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research_methods_fall_2006

research_methods_fall_2006 - 12.Sept.2006 Methods of...

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12.Sept.2006 Methods of Psychological Research: Inference and Knowledge in Society and Science Caton Roberts, Ph.D. What Is Scientific “Knowledge”? Systematic and Controlled Observation, Inference, Tentative Conclusions (rules, structure) Difference from naïve/everyday knowledge: Conclusions are continually revised/revisited with fresh observations and re-examination of knowledge claims in light of current scientific theories (known is not nearly as known as we think) Critical Thinking: “I can find no evidence that the intensity of a belief is any measure of its validity” Sir Francis Bacon Ideas, theories, and “knowledge” are put at risk of “falsification” through rules of scientific method (confidence usually very high, but should we really be so?) The whole of science is nothing more than a refinement of everyday thinking Albert Einstein Common Research Methods in Psychology: Descriptive Research Methods (4 types, below) Experimental Methods Descriptive Research Methods Case Studies Careful Description based on repeated observations: Freud, Sacks, Clinical studies (medicine, completely in depth look) Naturalistic Observation: Ethology Researchers
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“Ecological Validity” (Jane Goodall, outside in natural habitat, so there's no academic gap) Surveys (see Hite example below, and discussion of class survey experience) (large numbers) Correlational Methods (describe variables, the level of which two things relate to each other) Correlational Methods as Description A correlation is an association between two variables, expressed as a coefficient of association (r) which varies from +1 to –1 Visualizing associated scatterplots (figure 2.16 page 66) “Perfect” correlations: 1.0, direct diagonal graph upward Strong Correlations: Moderate Correlations: (consider “panel c” as a SAT/Freshmen grade scatterplot. http://www.fairtest.org/facts/satvalidity.html ) r=.47 .47-squared=.22 the r-squared and the “explanatory meaning” of a correlation coefficient square of r= the degree of variation that can be accounted for by the data Hence there are Positive, Negative, and Negligible Correlations Between Variables (without high correlations, there is much room for error) A correlation (r) is a mathematical representation which “describes” the strength of relationship between two variables. Limits of Correlations: Correlational Data can suggest causes but are Insufficient Grounds for Causal Inference CORRELATION DOES NOT PROVE CAUSATION.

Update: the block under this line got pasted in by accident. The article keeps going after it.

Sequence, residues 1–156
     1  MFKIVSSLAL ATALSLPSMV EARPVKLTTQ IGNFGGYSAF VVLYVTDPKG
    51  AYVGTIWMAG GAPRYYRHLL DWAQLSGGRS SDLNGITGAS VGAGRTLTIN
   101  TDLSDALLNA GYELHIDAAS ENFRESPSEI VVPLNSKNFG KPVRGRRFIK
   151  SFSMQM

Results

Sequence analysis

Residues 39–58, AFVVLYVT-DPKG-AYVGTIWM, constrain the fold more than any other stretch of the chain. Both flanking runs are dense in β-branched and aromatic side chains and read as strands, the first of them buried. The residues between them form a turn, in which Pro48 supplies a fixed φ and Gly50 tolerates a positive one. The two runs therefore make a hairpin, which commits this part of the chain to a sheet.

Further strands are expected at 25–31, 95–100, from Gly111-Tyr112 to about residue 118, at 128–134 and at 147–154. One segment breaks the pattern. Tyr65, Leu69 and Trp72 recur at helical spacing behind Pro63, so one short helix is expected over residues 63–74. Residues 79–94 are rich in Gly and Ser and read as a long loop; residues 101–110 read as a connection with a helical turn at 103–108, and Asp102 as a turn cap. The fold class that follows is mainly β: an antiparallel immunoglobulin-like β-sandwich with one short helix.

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3 Examples: “Statistical Significance” in Correlational and Experimental Research: Significance and chance findings: significant only if it is unlikely that it was due to anything random. sometimes results will be random and will not be statistically significant. p < .05 only < 5/100 p < .01 only <1/100 p < .001 only <1/1000 “Significant” correlations indicate predictability of variables: Statistical significance vs. practical or theoretical value: doesn't mean it is important Two “problems” with inferences of causation from correlational data 1) the directionality problem
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